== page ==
In part one of this series, we discussed one life-changing question, and I showed you how to make use of that question successfully. In this second part of the series, I want to present three more questions that will take you closer to envisioning an exciting future.
Depending on the circumstances of your life, you may not need to entertain all three of these questions. Pick one or more, depending on what fits your life the best.
1. What if your current career or business is not the right fit for your future?
2. With all you know, what if you won’t be able to figure your way up the corporate ladder or start and grow your own business successfully?
3. In another 10 or more years. Will you look back over your life and career with a smile? Or regret?
These may seem like odd questions, but they force you to take assumptions you may hold today and think again. Rethinking those assumptions is quite powerful, and I want to help you use these questions efficiently.
Let the Big Picture Guide You
I have been involved in business from many angles and if am not mistaken, my business experience started since my childhood.
I worked many years for my family business and have started my own businesses, including current business partnerships. I have spent my days learning as a volunteer and have worked as a salaried employee. I took over the complete management of one of my father’s business when he passed away, but recently, I handed that business off to my younger brother so that I could explore something closer to my heart and more energizing to my spirit.
While I have been incredibly successful in managing my father’s business and some of my other pursuit, my career has not gone without tastes of failure. Through all of this experience, I have come to the conclusion that you have to see the big picture when determining a direction for your career.
Unfortunately, you can spend months and years searching your soul and answering all forms of questions without really seeing the big picture of your life in vivid colors. This is the difficulty of these questions, but it doesn’t mean they are worthless. Sometimes, the best things in life are difficult to master.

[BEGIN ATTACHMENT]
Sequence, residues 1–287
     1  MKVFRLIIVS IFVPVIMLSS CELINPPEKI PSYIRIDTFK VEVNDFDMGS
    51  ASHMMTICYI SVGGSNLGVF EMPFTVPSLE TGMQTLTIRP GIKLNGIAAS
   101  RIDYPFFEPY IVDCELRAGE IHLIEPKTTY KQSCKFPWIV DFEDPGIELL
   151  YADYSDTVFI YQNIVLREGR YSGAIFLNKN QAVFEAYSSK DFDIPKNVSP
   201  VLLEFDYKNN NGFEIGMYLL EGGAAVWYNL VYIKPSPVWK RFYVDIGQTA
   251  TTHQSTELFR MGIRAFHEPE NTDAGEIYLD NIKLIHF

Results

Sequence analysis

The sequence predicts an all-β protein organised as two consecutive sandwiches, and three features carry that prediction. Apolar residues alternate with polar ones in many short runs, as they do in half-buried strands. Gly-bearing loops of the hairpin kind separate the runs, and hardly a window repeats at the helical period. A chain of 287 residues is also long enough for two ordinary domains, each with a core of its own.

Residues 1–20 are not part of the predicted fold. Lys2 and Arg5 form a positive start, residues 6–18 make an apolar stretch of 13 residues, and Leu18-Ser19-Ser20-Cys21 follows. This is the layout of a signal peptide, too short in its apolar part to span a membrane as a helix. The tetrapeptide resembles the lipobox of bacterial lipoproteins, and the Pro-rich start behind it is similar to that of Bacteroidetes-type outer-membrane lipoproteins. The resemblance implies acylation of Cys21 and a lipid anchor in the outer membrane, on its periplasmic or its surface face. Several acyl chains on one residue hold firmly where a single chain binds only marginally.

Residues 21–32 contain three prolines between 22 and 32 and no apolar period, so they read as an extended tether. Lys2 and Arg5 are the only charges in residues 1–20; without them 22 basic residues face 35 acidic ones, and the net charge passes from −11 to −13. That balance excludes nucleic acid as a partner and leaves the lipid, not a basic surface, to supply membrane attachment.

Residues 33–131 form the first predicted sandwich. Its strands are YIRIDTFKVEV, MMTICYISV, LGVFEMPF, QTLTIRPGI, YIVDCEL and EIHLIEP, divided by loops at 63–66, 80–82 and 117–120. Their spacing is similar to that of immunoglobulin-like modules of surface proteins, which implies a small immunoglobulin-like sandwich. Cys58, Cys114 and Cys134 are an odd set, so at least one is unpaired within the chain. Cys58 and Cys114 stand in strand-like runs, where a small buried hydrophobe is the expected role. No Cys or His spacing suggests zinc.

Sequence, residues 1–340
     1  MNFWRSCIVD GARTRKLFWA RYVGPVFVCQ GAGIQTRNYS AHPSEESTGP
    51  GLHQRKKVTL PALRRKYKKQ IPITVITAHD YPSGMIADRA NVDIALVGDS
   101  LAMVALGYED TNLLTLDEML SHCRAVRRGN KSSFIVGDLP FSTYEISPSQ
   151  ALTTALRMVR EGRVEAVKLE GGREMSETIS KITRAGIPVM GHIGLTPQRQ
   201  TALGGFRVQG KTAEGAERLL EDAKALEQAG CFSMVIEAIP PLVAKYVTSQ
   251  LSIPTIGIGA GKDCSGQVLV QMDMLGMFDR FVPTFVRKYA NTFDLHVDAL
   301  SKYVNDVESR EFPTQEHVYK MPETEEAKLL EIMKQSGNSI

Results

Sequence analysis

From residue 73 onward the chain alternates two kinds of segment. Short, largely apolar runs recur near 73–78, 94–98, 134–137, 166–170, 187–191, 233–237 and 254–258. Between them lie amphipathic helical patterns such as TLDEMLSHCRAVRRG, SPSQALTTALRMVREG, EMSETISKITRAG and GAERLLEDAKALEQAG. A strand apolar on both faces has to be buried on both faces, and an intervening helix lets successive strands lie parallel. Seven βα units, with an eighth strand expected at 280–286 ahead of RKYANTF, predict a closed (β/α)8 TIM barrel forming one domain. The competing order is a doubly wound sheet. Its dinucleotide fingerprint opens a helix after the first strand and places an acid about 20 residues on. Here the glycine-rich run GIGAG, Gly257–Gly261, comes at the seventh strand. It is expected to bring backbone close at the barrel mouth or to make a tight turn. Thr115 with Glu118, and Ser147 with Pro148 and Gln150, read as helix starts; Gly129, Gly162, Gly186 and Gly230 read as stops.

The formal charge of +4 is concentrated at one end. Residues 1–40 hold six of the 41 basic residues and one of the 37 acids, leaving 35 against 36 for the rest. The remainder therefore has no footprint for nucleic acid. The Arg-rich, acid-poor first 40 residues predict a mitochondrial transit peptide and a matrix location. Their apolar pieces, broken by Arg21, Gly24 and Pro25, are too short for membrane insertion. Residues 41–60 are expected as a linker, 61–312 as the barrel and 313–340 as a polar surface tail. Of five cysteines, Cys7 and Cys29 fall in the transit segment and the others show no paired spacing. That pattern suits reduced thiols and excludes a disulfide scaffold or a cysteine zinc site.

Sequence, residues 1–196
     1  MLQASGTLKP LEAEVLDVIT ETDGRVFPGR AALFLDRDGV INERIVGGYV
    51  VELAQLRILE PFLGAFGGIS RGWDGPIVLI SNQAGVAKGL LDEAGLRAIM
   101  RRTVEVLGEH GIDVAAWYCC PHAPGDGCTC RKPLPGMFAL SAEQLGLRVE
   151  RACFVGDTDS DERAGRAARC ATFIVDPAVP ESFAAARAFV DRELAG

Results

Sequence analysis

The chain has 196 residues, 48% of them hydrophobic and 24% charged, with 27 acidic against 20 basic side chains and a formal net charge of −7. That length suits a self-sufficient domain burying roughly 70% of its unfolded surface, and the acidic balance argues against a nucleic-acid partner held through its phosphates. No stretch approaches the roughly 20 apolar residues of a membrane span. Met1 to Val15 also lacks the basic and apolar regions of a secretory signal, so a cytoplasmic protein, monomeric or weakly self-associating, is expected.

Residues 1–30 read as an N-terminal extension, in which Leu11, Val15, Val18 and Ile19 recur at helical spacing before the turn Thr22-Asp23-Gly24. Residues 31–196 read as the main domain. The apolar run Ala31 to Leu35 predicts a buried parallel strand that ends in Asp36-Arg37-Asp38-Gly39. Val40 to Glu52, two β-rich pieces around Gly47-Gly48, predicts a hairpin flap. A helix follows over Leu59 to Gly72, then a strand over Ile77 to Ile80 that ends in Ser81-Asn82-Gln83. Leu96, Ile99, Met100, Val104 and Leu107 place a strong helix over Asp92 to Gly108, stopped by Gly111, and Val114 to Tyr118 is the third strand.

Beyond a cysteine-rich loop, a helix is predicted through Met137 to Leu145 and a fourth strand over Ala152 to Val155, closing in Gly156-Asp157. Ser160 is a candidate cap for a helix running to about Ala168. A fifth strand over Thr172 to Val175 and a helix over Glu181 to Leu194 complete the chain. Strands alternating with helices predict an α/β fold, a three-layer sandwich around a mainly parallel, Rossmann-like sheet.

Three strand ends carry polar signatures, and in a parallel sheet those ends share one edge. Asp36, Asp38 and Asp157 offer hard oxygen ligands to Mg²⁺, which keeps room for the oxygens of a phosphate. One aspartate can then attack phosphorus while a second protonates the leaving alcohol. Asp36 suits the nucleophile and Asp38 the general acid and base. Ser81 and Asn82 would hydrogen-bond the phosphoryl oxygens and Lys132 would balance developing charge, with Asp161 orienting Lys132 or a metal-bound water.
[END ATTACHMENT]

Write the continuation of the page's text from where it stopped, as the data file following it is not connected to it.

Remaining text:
If you are like most people, you must have experience a time in your life, when you crave for one or more of the following:
- Higher pay
- New career
- Higher level positions
- Greater prestige
- Professional independence
You are probably still craving for one or more of these things.
Perhaps you are fresh out of the university and are eager to start a career in your field of study. Alternatively, you may be fresh out of university with no idea what you want to do next. Maybe you graduated from university years ago but have failed to do much with your degree.
Who know, you may never have gone through the school system or just didn’t finish school. Perhaps you are tired of working for pennies and want to move up the ladder or want to start your own business.
Wherever you are in your career right now, you should see it as nothing but a clue to the big picture. Your current status is a jumping off point, and the action you take in the coming days will lead up to the amazing future you now envision.
Remember the question that I asked you in the first part of this series and your brainstorming to envision your future. How do you envision your life in 5, 10 or 20 years? Among today’s questions, the one(s) you choose to explore will help you answer that question in even more detail and with greater clarity.
I may not know everything there is to know about business, but I do thoroughly understand what it takes to make better decisions for your life. I also understand that standing by your decisions once they are made is incredibly difficult. It takes courage in many cases, especially when you want to become an entrepreneur and you don’t have all of the resources and support you need to become successful.
I know the challenges of becoming an entrepreneur because I have a been there. In fact, I am still there. I still don’t have the human and technical resources I need sometimes, but I enjoy the thrill of the ride. If that ride is not for you, there are still many decisions in your future as you seek new jobs, climb the corporate ladder, and perhaps change careers at some point.
Find Your Starting Point
When I speak with new entrepreneurs, they typically start with questions like this: